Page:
Around 1,600 Schools across England have signed up to start teaching Relationships, Sex and Health Education early from this September, according to the Department for Education. Over 300 Schools have already signed up to receive free British Red Cross 1st aid education resources to support teachers to start teaching 1st aid this year. The British Red Cross is committed to campaigning for 1st aid education to be taught in all Schools once a year, every year across the whole of the UK.

Joe Mulligan, Head of 1st Aid Education at the British Red Cross said:- "The launch of 1st aid on the School curriculum in England celebrates a landmark commitment by Government to create a future generation of lifesavers. Our research released for World 1st Aid Day highlights how vital 1st aid lessons are in teaching and empowering children to feel they are able to help in an emergency. These aren't just skills that young people will be able to use now, but will be able to take with them into adulthood. We need to build strong communities who know to help in a crisis, we are now a step closer to achieving this."

The British Red Cross are also re-launching their 1st aid mobile app so that everyone can have lifesaving skills at their fingertips.

Education Secretary Gavin Williamson said:- "It's fantastic that young people are so enthusiastic about learning 1st aid; a really important skill that means they will be ready to help in an emergency and could even save someone's life 1 day.  Our new health education curriculum, to be rolled out nationally in 2020, will mean every child will have the chance to learn lifesaving skills at School along with how to look after their own mental and physical health, ensuring they have the knowledge they need to grow up safe and happy."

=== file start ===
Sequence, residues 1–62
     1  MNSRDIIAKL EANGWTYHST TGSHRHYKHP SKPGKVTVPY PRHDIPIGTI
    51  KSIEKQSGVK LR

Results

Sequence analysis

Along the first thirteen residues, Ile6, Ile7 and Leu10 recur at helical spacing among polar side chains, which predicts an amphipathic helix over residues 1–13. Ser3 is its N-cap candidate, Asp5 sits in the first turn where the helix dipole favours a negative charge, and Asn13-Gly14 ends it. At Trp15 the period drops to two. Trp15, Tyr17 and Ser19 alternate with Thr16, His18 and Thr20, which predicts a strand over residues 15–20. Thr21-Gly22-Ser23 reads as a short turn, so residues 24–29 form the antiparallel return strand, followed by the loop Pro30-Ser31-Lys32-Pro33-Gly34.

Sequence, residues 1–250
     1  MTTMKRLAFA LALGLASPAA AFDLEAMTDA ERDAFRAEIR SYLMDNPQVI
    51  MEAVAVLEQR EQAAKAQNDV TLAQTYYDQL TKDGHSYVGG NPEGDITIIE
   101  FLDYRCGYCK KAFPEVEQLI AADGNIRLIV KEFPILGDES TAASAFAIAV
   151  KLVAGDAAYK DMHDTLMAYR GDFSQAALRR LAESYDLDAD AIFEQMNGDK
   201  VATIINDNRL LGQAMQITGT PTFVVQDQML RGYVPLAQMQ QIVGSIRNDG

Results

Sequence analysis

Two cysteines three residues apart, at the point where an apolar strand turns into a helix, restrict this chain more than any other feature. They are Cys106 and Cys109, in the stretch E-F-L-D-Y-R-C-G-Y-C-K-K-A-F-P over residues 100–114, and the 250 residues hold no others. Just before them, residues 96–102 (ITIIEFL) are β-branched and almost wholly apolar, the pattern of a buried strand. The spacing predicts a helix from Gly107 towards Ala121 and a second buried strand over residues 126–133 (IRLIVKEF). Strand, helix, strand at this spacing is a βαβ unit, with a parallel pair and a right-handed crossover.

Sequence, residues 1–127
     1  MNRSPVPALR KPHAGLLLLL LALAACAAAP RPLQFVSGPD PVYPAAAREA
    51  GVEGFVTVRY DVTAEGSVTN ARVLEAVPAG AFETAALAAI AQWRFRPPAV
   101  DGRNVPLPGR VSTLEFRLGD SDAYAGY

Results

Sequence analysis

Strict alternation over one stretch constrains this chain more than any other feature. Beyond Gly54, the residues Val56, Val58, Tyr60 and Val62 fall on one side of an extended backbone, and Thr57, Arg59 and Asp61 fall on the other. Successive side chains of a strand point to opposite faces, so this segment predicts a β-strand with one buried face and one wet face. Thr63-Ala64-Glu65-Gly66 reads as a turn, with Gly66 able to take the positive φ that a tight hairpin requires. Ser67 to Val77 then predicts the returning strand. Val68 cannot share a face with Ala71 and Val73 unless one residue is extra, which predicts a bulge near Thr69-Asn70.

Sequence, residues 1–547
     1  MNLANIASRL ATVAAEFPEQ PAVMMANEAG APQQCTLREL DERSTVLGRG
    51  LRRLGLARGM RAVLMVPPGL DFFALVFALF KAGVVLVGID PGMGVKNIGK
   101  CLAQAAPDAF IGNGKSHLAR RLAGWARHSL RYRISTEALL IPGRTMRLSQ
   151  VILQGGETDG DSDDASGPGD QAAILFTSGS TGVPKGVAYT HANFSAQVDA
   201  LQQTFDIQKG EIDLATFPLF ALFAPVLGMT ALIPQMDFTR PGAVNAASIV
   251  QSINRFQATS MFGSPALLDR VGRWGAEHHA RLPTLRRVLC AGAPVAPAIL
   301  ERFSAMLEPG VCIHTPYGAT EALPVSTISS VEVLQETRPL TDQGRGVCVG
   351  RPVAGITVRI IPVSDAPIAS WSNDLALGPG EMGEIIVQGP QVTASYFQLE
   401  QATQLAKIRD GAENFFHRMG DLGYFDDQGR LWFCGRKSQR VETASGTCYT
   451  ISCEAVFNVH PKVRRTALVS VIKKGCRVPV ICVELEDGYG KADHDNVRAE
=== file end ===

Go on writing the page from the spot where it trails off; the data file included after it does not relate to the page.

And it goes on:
Everyone can know the skills to save a life. Download the free British Red Cross app to learn lifesaving 1st aid skills.

Fact file:- Online surveys were carried out by ResearchBods. Parents: Total sample size was 1000 parents of 5 to 18 year olds, of which 120 were from the North West. Fieldwork was undertaken between 5 August, until 14 August 2019. Children: Total sample size was 1000 UK children aged 8 to 15, of which 106 were from the North West. Fieldwork was undertaken between 5 August, until 14 August 2019. The figures are representative of all UK children (aged 8 to 15).  Research, Evaluation and Impact Report: British Red Cross and the University of Manchester Are pre-Hospital deaths from trauma and accidental injury preventable? A summary report (2016) Alison McNulty.